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The future of health care with Dr. Daphne Miller

by Nancy Ryerson, Staff Writer | August 26, 2013
From the August 2013 issue of HealthCare Business News magazine



Med school on the farm
While medical school trains budding doctors well in the art of prescribing or operating, Miller says integrative health ideas don’t generally come up in the classroom. Though medical school itself is too short, she says, and plenty of time does need to be spent learning human pathology and illness-based medicine, space could be made in residency for learning about different approaches to health and healing. “Most people in this country are diagnosis-free, but are not well,” says Miller. “And that’s the piece that needs to be explored — especially in primary care — how do we really help a population maintain optimal wellness?” She suggests that for family medicine residents, for example, time might be better spent working on community-oriented projects than in intensive care units.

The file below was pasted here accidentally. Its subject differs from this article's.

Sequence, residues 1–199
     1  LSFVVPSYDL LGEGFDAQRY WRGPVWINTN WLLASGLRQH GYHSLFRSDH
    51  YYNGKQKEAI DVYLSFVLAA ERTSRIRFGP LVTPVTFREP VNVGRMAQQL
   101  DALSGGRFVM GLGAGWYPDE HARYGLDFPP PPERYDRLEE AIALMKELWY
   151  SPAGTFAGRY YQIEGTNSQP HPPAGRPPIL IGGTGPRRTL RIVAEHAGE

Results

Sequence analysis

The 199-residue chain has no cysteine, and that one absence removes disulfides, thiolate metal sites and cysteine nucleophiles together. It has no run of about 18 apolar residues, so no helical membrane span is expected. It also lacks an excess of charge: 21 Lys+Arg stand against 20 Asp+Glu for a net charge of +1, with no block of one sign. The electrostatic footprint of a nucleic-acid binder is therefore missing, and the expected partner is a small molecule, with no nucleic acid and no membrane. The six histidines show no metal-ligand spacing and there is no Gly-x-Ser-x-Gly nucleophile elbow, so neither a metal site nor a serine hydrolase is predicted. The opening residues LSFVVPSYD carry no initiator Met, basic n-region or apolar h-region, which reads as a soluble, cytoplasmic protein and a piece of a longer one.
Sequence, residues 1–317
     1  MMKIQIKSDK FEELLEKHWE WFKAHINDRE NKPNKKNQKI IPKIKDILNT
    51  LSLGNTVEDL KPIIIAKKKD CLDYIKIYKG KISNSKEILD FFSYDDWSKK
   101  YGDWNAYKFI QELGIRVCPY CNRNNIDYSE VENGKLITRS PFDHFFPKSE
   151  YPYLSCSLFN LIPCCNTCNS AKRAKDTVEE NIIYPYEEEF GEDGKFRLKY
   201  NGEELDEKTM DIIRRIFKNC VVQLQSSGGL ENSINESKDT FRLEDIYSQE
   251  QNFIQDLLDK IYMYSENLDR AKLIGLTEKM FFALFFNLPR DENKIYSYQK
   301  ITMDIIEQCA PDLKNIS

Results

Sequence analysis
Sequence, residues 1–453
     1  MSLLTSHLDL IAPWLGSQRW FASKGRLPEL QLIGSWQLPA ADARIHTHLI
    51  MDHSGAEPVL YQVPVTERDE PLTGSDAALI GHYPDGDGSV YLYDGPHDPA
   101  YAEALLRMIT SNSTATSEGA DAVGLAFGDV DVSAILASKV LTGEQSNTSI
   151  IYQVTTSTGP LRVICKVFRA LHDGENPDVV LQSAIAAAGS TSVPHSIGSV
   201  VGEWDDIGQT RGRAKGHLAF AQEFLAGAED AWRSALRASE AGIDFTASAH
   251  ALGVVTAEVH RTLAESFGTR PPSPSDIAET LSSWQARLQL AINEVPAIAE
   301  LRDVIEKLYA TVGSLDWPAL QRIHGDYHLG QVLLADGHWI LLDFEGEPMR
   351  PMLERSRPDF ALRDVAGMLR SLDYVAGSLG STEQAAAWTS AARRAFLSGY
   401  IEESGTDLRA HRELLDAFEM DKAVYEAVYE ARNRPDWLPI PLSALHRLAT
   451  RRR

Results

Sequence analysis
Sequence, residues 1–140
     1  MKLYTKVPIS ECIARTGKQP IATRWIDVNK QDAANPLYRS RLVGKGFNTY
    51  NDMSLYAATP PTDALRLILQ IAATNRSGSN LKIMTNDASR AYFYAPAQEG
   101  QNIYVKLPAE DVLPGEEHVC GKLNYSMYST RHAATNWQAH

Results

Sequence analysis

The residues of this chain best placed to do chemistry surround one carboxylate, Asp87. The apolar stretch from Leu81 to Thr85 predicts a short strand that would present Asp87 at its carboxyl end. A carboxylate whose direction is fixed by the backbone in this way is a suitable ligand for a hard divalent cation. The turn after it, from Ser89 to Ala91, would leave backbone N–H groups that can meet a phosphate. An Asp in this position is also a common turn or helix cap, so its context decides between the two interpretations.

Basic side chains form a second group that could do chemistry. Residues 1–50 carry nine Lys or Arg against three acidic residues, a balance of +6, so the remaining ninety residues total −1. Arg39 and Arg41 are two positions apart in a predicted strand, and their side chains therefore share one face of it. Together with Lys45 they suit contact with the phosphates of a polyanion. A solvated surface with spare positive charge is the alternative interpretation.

Change your words, change the world
Miller says one way to bring the idea of the body as ecosystem into medicine is by changing medical language. “Words that we really don’t use a lot in medicine now, things like diversity, redundancy, variations, those kinds of terms to describe systems, I think are going to start to make their way into the [medical] language too,” she says. “Right now medicine is its own closed language, but I think this new generation of physicians will be a lot more open to thinking this way, and not really trying to just reduce each problem to its lowest common denominator.”

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